Eating right and safeguarding your hearing have some parallels. It sounds smart, but not many of us have a very good idea of where to begin. If there aren’t any noticeable noise risks and you don’t think your environment is particularly loud, this is especially true. But your ears and senses can be stressed by daily living, so your auditory acuity can be maintained if you apply these tips.
If you want to keep enjoying the sounds around you, you should do everything you can to slow down the deterioration of your hearing.
Tip 1: Ear Protection You Can Wear
Using ear protection is the most practical and basic way to safeguard your hearing. This means that lessening loud and harmful sound is a basic step you should take.
This means that when it’s required most people will want to wear ear protection. Hearing protection normally comes in two basic forms:
- Ear Plugs, which are put in the ear canal.
- Ear Muffs, which are placed over the ears.
Neither form of hearing protection is inherently better than the other. Each style has its positive aspects. Your choice of hearing protection should, most notably, feel comfortable.
Tip 2: Know When Sound Gets Harmful
The following threshold is when sound becomes hazardous:
- Over 100 dB: In this situation, you can injure your hearing very quickly. Damage is done in around thirty seconds with sounds above this threshold. Jet engines and rock concerts, for instance, can injure your ears in about thirty seconds.
- 85 decibels (dB): After about two hours this level of sound is dangerous.This is the level of sound you’d expect from a busy city street or your hairdryer.
- 95-100 dB: This is the typical level of your earbuds or the level of farm equipment. After around 15-20 minutes this level of sound becomes dangerous.
Tip 3: Use Your Phone as a Sound Meter
We can take precautions to minimize our exposure, now that we have a concept of what levels will be dangerous. The trick is that, once you’re out and about in the real world, it can be hard to gauge what’s loud and what isn’t.
Your smartphone can now be used as a handy little tool. Sound meter apps exist for every type of smartphone.
In order to get an idea of what harmful levels of noise really sound like, use your sound meter to confirm the decibel level of everything you are hearing.
Tip 4: Keep an Eye on Your Volume Buttons
The majority of people today listen to music using their phone or smart device, and they normally use earbuds while they do it. This sets up a dangerous situation for your hearing. Over time, earbuds set to a sufficiently high level can cause considerable injury to your hearing.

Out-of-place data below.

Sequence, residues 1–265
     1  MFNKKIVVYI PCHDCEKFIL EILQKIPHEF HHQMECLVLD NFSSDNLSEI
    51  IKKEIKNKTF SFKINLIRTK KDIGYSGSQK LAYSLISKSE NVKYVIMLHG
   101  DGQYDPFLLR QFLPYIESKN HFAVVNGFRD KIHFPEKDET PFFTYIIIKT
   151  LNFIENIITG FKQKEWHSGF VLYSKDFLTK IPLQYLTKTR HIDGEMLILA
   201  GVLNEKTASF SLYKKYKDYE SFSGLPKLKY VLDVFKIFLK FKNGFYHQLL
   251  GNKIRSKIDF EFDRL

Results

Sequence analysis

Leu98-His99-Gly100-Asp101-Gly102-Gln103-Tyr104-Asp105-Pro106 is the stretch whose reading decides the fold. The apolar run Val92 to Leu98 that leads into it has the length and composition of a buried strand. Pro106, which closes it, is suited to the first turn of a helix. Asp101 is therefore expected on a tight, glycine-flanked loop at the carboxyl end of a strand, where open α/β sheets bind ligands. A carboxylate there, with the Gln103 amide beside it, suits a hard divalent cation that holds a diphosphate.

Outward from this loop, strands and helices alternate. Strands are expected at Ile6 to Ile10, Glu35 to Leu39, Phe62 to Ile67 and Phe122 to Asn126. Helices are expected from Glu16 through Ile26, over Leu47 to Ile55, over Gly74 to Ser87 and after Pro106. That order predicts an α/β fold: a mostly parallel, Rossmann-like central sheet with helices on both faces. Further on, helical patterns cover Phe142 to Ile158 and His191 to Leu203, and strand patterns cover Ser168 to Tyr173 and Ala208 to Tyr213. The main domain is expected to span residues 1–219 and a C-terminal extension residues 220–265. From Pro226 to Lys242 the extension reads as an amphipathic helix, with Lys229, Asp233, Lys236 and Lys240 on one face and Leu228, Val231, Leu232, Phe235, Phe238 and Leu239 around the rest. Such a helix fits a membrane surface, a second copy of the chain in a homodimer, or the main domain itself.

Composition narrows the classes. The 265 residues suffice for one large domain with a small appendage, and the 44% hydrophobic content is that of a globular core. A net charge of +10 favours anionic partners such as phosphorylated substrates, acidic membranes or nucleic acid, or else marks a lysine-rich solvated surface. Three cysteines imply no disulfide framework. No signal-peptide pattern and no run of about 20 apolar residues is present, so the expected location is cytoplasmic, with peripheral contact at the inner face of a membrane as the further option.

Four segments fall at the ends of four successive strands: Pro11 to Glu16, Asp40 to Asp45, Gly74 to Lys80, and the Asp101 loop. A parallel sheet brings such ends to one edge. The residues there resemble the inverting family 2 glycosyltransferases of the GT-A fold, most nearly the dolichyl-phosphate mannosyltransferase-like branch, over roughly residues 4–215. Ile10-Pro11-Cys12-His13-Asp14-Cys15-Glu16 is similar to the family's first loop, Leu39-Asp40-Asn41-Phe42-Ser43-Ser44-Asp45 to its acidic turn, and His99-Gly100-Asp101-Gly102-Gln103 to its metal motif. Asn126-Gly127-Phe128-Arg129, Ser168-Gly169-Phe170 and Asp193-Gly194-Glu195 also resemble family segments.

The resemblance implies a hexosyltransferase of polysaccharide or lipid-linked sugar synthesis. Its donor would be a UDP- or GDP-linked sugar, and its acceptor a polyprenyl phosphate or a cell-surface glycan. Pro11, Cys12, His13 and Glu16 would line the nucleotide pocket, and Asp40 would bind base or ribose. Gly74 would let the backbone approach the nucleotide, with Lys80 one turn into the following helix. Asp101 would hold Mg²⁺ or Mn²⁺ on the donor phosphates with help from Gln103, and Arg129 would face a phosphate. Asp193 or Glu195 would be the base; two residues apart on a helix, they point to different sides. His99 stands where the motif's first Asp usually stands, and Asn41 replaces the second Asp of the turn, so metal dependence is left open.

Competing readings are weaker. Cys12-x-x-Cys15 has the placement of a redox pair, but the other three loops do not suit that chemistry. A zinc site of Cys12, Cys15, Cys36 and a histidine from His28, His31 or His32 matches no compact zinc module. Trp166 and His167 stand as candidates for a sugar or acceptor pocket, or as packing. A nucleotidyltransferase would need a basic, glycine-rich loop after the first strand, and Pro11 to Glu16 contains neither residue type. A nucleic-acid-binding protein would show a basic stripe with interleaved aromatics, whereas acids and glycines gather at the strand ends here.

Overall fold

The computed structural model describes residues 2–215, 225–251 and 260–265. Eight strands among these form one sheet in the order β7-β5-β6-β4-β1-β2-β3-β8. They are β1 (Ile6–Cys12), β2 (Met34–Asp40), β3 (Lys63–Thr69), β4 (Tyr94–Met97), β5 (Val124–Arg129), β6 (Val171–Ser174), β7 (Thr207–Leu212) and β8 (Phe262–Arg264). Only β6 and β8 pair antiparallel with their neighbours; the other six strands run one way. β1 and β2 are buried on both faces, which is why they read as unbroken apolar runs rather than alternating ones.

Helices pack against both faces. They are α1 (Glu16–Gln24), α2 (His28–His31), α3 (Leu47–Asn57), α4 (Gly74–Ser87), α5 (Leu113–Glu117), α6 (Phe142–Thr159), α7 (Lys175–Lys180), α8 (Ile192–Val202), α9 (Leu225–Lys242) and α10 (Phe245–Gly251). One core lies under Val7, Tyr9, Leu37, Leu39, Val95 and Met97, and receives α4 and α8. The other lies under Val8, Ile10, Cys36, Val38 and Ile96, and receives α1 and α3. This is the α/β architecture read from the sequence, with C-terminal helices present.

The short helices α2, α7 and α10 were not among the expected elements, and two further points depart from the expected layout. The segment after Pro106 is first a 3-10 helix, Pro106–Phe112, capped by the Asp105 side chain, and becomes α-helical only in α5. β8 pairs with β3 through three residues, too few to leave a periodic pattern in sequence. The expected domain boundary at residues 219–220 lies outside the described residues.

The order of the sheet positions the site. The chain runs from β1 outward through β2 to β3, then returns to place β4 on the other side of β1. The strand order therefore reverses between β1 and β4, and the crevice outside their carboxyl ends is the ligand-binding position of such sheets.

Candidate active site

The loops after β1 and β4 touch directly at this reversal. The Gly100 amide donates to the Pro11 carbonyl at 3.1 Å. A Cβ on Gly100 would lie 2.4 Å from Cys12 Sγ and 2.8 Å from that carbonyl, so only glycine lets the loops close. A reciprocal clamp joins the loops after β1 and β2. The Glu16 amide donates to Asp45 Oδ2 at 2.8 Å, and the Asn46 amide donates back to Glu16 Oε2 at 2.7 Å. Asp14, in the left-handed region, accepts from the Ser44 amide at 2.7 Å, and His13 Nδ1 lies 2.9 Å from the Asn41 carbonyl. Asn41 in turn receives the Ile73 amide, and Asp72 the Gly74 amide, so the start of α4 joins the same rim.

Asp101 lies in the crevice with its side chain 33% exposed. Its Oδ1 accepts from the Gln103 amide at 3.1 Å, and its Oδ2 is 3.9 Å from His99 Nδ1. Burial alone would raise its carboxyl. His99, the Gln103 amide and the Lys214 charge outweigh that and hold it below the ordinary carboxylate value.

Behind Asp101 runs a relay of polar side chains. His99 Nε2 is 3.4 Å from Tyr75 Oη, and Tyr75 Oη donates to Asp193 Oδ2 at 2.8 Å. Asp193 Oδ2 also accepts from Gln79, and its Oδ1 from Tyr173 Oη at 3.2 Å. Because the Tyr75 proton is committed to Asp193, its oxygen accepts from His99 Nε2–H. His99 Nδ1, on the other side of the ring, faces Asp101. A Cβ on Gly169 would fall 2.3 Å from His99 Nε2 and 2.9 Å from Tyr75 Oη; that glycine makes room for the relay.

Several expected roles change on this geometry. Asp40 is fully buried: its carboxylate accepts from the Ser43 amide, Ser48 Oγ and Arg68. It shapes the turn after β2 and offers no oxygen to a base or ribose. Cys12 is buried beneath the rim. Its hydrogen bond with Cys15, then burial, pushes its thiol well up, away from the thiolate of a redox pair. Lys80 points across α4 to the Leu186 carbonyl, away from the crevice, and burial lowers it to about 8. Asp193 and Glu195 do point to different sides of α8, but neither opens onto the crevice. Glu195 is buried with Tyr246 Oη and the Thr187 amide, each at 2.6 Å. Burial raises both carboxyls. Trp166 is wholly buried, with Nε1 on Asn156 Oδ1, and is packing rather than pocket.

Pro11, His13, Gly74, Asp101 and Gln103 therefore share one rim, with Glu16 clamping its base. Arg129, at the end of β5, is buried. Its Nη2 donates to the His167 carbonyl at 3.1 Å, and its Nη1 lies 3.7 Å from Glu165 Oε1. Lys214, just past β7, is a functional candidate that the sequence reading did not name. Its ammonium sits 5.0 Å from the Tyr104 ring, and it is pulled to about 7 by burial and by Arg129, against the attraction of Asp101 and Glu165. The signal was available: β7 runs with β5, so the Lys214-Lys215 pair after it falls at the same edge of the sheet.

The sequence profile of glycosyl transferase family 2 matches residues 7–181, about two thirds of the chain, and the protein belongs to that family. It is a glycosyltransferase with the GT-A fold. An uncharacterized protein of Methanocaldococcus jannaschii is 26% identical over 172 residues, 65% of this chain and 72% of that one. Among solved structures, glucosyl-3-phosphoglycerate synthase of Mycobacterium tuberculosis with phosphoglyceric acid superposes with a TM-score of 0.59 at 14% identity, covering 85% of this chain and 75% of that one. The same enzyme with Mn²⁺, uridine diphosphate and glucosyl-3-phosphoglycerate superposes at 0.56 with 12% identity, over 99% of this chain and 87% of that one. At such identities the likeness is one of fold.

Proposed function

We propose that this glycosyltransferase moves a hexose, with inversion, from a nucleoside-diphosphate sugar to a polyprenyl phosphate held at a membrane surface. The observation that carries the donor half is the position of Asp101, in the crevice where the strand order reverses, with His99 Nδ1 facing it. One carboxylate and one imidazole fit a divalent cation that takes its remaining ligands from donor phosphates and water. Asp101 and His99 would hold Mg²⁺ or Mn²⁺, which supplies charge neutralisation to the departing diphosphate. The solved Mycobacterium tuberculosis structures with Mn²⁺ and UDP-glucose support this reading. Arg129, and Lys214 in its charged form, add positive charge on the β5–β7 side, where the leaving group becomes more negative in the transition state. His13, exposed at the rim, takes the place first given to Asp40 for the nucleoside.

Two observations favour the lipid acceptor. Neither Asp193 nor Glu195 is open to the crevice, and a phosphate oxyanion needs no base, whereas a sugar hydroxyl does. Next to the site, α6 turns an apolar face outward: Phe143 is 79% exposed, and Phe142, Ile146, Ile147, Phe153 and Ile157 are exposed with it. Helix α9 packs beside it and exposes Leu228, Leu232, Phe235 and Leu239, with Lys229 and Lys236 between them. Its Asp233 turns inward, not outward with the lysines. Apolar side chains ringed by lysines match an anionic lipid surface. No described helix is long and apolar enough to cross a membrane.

That’s why safeguarding your hearing means keeping a sharp eye on your volume control. In order to drown out noises somewhere else, you should not raise the sound level. And we suggest using apps or settings to ensure that your volume never unintentionally become hazardously high.
Earbud use can become something of a negative feedback loop if your hearing starts to decline; you could find yourself consistently increasing the volume of your earbuds in order to compensate for your faltering hearing, doing more damage to your ears in the process.
Tip 5: Get Your Hearing Tested
You might think that having a hearing test is something you do only when your hearing starts to wane. The difficulty is that it’s not always easy to identify a problem in your hearing without a baseline to compare results to.
Scheduling a hearing screening or exam is a great way to come up with data that can be used for both treatment and diagnostic purposes, ensuring that all of your future hearing (and hearing protection) decisions have a little bit of added context and information.
Pay Attention to Your Hearing
In a perfect world, protecting your hearing would be something you could do continuously without any difficulty. But there are always going to be difficulties. So anytime you can and as often as possible, safeguard your hearing. You should also get your ears examined routinely. Hopefully, these guidelines will help you get a good start.